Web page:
Cascading Efforts Towards Ending FGM in Kenya

Female genital mutilation (FGM) is an internationally recognised violation of the human rights of girls and women, and, although the prevalence of FGM is declining, globally the practice still affects around 200 million women across the world. Many countries in sub-Saharan Africa have passed specific anti-FGM national laws and many others have included a ban on FGM in other national legislation. In my country, Kenya, the anti-FGM legislation is central in the response to the challenge of FGM/C. The law was supported by the establishment of the Anti-Female Genital Mutilation Board which gathers a wide range of police powers. The mission of the anti-FGM Board? To conduct surveillance, prevention and prosecution of offenders.

Challenges faced by Kenya in implementing anti FGM legislation

For all its successes, the Anti-FGM board is still Nairobi-based with inadequate geographic presence in the other regions of the country where it works. As much as the board is relied upon to lead the fight against FGM at the devolved level, it has no locally owned government resources available in regions outside of the capital. Kenya also lacks a visible strategy for how to decentralize the work against FGM. Engagement with County governments are insufficient despite the 2010 provisions of the constitution, requiring that sub-national governments take a role in entrenching greater protection for women and girls within their respective jurisdictions.

Moreover, in my opinion, the Board does not sufficiently forge direct links with child protection services and institutions at national or county level. Lastly, the outbreak of coronavirus (COVID-19), and subsequent population control measures have rendered most state and social structures such as legal systems and protective mechanisms weak, thus increasing the risk of GBV and particularly FGM to occur as a result.

The launch of an innovative collaboration in Kajiado County

It is within this context that the civil society identified a window of opportunity to collaborate with the Kajiado County government as an ally in the fight against FGM. One of 47 counties, located in Southwest Kenya, Kajiado County is mainly populated by the Maasai community, where segments of the population still practice FGM.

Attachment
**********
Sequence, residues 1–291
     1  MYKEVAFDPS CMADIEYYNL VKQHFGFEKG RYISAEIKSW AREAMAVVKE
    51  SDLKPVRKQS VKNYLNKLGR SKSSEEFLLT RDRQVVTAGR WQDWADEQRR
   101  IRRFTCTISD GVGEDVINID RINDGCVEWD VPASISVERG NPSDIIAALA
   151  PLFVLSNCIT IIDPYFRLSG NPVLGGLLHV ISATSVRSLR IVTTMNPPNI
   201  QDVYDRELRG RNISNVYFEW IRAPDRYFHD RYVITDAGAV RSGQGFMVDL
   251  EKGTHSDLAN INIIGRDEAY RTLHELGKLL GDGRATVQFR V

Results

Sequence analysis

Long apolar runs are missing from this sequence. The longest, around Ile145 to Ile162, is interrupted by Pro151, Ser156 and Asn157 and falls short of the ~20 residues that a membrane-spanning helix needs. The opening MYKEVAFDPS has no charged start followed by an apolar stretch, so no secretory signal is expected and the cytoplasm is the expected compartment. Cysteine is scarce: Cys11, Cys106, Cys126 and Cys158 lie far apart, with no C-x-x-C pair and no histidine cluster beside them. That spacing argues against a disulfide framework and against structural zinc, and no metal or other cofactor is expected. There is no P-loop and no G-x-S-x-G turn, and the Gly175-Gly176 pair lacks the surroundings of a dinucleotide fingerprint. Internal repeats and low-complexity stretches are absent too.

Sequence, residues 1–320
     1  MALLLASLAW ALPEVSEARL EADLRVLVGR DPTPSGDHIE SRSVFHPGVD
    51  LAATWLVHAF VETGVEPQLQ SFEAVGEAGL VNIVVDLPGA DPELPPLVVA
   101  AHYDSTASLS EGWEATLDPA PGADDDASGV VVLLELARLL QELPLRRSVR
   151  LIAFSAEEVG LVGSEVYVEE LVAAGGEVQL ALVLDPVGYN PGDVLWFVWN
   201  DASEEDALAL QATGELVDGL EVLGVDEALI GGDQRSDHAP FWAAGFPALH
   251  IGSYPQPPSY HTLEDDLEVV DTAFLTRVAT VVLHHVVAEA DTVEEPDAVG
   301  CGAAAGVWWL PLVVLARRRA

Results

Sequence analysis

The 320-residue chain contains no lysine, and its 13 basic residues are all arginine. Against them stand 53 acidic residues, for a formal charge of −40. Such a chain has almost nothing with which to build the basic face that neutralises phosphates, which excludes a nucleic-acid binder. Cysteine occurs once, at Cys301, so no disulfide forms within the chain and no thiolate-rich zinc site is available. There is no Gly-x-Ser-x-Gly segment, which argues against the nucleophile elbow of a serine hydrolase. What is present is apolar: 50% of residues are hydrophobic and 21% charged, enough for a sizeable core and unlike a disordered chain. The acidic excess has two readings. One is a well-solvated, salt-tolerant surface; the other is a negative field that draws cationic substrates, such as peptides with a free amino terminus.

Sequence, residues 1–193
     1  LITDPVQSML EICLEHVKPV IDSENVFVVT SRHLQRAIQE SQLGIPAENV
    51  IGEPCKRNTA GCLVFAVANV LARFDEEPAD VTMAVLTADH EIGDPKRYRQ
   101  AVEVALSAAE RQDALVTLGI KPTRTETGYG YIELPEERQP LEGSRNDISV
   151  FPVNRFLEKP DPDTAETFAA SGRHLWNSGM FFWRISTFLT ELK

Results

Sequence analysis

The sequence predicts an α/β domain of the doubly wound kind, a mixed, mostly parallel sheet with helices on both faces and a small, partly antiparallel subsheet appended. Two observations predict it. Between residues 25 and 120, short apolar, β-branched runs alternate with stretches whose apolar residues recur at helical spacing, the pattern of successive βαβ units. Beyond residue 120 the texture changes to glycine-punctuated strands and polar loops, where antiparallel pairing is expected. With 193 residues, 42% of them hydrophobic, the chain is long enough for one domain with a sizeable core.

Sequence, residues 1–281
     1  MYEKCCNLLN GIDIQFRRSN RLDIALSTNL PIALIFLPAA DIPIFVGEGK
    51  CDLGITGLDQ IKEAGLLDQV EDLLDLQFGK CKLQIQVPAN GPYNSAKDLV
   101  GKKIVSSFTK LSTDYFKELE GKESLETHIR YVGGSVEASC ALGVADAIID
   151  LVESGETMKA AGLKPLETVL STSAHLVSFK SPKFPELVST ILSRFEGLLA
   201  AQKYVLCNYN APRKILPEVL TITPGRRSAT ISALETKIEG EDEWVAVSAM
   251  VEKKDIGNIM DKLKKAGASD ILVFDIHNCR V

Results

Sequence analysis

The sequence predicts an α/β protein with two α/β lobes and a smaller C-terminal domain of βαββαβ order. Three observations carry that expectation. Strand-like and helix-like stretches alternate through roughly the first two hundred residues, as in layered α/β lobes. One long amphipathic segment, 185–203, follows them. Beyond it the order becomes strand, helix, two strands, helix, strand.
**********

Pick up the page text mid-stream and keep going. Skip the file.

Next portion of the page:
In this respect, the civil society organizations working in collaboration with the Gender Department of the County Government in Kajiado initiated a participatory process that culminated in the adoption of a County FGM policy.

What’s so special with this policy? The policy supports a multi-stakeholder approach and provides additional impetus for county level actors to further engage in the fight against FGM. It includes several programmes including FGM abandonment campaigns – focusing specifically on schools – culturally sensitive research as well as community dialogues. Noteworthy, the policy adopts an evidence-driven approach towards measuring progress to stopping FGM.

At the heart of the policy is the recognition of the inter-governmental collaboration. The policy has enabled the establishment of a very inclusive coordinating mechanism that begins at the County government level and is then cascaded downwards to lower levels of governance specifically the sub-county and the ward levels.

Most importantly, the coordination mechanism is characterized by the inclusion of not only government officials but also individual citizens, addressing a crucial gap in the national legislation. Secondly,  the citizen participation (if well implemented) promises to be disruptive to the clandestine FGM in the community.

Overall, the Kajiado policy for the eradication of FGM can been seen as a positive step and a promising practice in cascading the campaign that can be replicated in other counties. Overall, with thorough monitoring of both national anti-FGM legislation and policy, as well as county-level policies, Kenya may be on its way to meet the Sustainable Development Goals goal 5 and ensure an equal life without FGM for all  women and girls.           

Everlyne (Eva) Komba is a Gender, Governance and Development Specialist based in Kenya.

To learn more about anti-FGM legislation in Africa and other regions, visit the Law & FGM topic to read the information gathered during the thematic discussions.

“The Community of Practice on Female Genital Mutilation” is part of the “Building Bridges between Africa and Europe to tackle FGM” project, supported by the “UNFPA-UNICEF Joint Programme on the Elimination of FGM”.
The project is coordinated by AIDOS in partnership with GAMS Belgium.

The views expressed on this website are those of the authors and do not necessarily reflect the official policy or position of the UNFPA, UNICEF or any other agency or organization.

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